Balloons: A hidden danger?

According to the U.S. CSPC, a startling number of children to die after choking on a balloon.

At just the young age of 7, Ruby Ramirez is gone too soon.

The Sullivan Elementary School first grader died Tuesday at a hospital.

A preliminary autopsy report states she died of asphyxiation after a balloon lodged in her airway.

Findings too difficult for her grieving mother Maria to accept. Ruby's family members tell Action 4 News they do not believe in the autopsy.

They refuse to accept that it was a pink balloon that claimed the life of their little one.

They also said they want to know where the balloon came from, and want accountability.

Nikki Fleming of the U.S. Consumer Safety Products Commission said Ruby is part of a startling number of children to die after choking on a balloon.

"We had 13 toy related deaths in 2011 - our most recent report " three deaths were associated with balloons, Fleming said. The hazard is that uninflated balloons or even balloon pieces can seal off an air passageway"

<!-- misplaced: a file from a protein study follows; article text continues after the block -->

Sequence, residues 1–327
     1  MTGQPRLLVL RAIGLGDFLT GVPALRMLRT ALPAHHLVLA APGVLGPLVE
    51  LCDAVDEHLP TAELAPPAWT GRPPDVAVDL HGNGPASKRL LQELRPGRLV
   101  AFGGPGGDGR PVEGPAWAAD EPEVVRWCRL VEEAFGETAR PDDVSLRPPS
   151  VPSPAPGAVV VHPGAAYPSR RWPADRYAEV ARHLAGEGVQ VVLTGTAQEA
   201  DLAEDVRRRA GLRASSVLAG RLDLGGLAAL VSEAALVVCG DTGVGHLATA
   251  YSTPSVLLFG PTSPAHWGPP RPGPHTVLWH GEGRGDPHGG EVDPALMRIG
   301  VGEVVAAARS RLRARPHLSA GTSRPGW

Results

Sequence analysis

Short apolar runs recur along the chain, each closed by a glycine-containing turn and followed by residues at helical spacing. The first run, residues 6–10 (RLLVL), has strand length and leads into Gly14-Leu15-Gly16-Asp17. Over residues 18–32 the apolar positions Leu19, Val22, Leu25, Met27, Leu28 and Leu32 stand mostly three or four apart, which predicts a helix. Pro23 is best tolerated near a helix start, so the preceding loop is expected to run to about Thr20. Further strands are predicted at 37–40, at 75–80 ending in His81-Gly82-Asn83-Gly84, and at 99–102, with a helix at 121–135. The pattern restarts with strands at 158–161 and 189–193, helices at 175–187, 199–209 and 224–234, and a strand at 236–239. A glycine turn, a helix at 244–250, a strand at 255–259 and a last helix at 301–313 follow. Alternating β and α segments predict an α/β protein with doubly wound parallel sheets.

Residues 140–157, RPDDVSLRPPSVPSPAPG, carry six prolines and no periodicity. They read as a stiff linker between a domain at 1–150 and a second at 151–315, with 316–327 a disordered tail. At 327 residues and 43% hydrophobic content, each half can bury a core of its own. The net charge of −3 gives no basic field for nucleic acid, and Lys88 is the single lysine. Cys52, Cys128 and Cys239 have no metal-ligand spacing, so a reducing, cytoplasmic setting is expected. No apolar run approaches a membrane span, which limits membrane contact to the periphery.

As far as products go, the CPSC reports balloons are the number one cause of suffocation in children.

In one incident, the commission reported a child was chewing on an uniflated balloon when she fell from a swing, hit the ground and in a reflex reaction, inhaled the balloon. The girl suffocated.

According the CPSC there were three deaths in 2011, five in 2010, two in 2009 and two in 2008.

Their bright assorted colors can easily draw curious children to balloons, but the commission does not recommend balloons for children under 8 years of age, as clearly stated on most balloon packages.

A fully inflated balloon may not appear to be a danger, but if it pops, parents beware.

"If (people) have a specific occasion, a party, or something like that, and (balloons) tend to burst, Fleming said, you want to make sure you get every single piece and discard it immediately."